Four U.S states; Virginia, Massachusetts, Kentucky and Pennsylvania use the term Commonwealth with their name.

To understand why Virginia is called a Commonwealth we have to first understand what is meant by the term Commonwealth. 

A Commonwealth is a political system in which the supreme power lies in a body of citizens who can elect people to represent them. So it is basically a state in which the supreme power is vested in the people. 

The word comprises two parts. Common meaning “belonging to all” and  Wealth meaning “Riches”. So Commonwealth stresses the need for a government made for the common good. 

As for Virginia, the significance of the title Commonwealth is rooted in history. 

As used by Locke, the term “commonwealth” indicated that the legislature, elected by the people, was the dominant force in government.

The term as an official designation was first used in Virginia during the period 1649-1660. Virginia became a royal colony again in 1660, and the word commonwealth was dropped. 

The term was reintroduced in the first constitution of Virginia in 1776- the year Virginia gained independence from British colonial rule. The title was chosen most likely to emphasize that Virginia’s new government was based upon the sovereignty of the people united for the common good. The designation commonwealth of Virginia has been used in official records ever since. 

The title “Commonwealth” also holds political significance for Virginia. It emphasises why Virginia got independence from British colonial rule.

The delegates of Fifth Virginia Convention, a meeting held in 1776 that declared Virginia an independent state, wanted to replace the old form of colonial government with a structure that reflected their rationale for separating from England.

Leaders like George Mason IV and Thomas Jefferson rejected the idea of a hereditary Monarch. The title of a Commonwealth reflects that fundamental change from executive authority of a Monarch to a government of the people.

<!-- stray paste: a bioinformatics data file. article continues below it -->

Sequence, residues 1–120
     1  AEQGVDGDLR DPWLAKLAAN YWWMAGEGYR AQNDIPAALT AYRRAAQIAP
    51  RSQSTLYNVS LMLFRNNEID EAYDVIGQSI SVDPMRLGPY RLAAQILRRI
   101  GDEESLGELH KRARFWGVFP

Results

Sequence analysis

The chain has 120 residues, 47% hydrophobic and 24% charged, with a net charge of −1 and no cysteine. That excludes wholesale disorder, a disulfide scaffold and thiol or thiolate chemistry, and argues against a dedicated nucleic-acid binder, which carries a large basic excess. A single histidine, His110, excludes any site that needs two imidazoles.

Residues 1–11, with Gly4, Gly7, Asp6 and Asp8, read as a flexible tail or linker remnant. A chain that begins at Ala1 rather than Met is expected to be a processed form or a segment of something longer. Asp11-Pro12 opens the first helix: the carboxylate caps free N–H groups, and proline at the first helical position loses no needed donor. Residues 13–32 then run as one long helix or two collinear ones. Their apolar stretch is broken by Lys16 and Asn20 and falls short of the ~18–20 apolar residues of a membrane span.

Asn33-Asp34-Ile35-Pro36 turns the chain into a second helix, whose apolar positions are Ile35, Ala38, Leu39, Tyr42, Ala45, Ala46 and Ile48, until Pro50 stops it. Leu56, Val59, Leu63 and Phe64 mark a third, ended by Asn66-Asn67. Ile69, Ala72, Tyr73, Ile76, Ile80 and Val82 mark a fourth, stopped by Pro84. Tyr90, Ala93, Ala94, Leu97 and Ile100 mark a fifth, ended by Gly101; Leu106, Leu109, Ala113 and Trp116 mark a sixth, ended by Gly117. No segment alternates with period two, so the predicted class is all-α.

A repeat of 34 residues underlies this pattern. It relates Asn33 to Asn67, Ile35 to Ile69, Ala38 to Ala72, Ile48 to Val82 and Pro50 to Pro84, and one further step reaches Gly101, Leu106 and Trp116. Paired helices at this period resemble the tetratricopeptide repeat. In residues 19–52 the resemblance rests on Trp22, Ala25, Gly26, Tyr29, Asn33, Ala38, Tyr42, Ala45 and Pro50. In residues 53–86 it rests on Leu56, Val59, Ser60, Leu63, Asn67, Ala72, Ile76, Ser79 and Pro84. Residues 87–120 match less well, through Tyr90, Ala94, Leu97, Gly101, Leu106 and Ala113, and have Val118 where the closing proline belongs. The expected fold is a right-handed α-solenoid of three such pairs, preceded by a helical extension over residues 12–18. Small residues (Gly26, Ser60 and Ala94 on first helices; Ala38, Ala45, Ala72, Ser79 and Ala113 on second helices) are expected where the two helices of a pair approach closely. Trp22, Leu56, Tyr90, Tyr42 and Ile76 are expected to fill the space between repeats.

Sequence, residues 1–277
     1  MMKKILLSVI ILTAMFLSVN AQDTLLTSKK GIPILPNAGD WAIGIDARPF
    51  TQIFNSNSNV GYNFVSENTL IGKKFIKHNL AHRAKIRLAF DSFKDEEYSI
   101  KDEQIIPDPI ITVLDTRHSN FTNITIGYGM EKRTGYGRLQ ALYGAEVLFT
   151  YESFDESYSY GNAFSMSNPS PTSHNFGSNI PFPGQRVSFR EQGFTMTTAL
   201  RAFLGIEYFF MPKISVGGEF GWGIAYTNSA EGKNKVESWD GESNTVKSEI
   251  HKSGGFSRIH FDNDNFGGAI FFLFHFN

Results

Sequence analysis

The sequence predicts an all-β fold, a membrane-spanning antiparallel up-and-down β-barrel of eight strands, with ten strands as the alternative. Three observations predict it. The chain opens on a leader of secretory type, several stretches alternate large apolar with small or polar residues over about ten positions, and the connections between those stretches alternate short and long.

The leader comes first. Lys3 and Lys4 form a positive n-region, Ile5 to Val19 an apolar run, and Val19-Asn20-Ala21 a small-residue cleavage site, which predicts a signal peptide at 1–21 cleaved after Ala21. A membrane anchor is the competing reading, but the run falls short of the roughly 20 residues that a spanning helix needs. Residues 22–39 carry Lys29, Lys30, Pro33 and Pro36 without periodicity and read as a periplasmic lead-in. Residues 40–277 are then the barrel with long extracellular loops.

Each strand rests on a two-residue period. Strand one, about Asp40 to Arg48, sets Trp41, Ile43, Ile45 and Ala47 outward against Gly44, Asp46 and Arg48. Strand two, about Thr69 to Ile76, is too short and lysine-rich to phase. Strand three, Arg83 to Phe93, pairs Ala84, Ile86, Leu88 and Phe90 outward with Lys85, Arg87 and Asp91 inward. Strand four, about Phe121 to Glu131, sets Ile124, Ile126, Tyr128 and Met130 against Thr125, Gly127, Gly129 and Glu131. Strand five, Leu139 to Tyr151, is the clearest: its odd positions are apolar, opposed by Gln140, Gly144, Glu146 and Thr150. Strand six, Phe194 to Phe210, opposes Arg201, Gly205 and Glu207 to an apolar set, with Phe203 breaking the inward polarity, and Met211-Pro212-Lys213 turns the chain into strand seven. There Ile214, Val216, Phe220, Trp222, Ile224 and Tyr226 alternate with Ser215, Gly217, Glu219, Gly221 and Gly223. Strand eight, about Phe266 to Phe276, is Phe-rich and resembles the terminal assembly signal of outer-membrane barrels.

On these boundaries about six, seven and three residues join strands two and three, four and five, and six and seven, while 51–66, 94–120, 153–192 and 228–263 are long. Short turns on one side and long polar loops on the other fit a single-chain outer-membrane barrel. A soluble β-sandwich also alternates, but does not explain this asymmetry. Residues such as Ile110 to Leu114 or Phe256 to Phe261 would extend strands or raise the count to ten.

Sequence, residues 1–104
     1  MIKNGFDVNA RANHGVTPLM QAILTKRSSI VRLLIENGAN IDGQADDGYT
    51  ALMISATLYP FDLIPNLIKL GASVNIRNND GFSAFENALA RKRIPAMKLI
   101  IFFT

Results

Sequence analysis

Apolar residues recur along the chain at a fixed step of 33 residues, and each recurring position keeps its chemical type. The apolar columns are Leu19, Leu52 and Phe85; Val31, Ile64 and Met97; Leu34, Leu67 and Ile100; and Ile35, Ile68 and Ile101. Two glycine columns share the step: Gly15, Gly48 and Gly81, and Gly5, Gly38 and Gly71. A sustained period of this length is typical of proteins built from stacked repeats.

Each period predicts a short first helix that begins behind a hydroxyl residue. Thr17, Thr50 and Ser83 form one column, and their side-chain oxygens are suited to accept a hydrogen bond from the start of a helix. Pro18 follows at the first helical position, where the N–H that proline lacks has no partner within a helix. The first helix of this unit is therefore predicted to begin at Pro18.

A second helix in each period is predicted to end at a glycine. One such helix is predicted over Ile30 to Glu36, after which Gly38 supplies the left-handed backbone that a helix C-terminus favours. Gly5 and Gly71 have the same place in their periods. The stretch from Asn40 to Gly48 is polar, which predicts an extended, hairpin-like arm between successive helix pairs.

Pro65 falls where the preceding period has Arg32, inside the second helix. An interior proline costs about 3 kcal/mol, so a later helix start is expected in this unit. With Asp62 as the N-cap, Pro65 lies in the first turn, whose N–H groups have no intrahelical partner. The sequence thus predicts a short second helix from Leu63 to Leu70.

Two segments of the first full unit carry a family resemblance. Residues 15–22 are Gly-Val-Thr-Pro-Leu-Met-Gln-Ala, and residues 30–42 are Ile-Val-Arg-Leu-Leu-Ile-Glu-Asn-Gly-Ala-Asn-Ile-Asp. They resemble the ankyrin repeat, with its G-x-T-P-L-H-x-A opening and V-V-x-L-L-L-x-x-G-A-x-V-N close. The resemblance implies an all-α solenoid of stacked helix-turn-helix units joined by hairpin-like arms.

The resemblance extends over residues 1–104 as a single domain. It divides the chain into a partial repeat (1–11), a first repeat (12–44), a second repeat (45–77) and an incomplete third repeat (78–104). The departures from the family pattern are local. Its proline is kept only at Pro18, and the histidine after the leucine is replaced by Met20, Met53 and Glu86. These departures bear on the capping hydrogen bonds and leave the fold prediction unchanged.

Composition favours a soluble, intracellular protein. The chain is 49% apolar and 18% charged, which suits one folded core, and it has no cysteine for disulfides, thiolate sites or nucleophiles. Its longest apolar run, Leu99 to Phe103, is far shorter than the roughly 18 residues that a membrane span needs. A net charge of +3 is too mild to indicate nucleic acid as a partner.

So does the title of Commonwealth make Virginia different from other states? 

No it does not. The distinction is simply in the name alone. The commonwealths are just like any other state in their politics and laws. There are no constitutional implications of the title. There is no difference in Virginia’s relationship to the USA. It’s just a name that reflects Virginia’s historic struggle of independence. 

The confusion may be caused due to two factors; U.S territories that also include Commonwealth in their name and a world organization of autonomous states known as the Commonwealth of Nations. 

The territories of Puerto Rico and Northern Mariana are also Commonwealths. Both of these are not states and only have non voting representatives in the Congress. Taxation for the two territories is also different from the United States. 

Meanwhile, The Commonwealth of Nations is a body of Sovereign states comprising the United Kingdom and a number of its former dependencies. 

The Commonwealth of Virginia has nothing in common with these two types of Commonwealths. 

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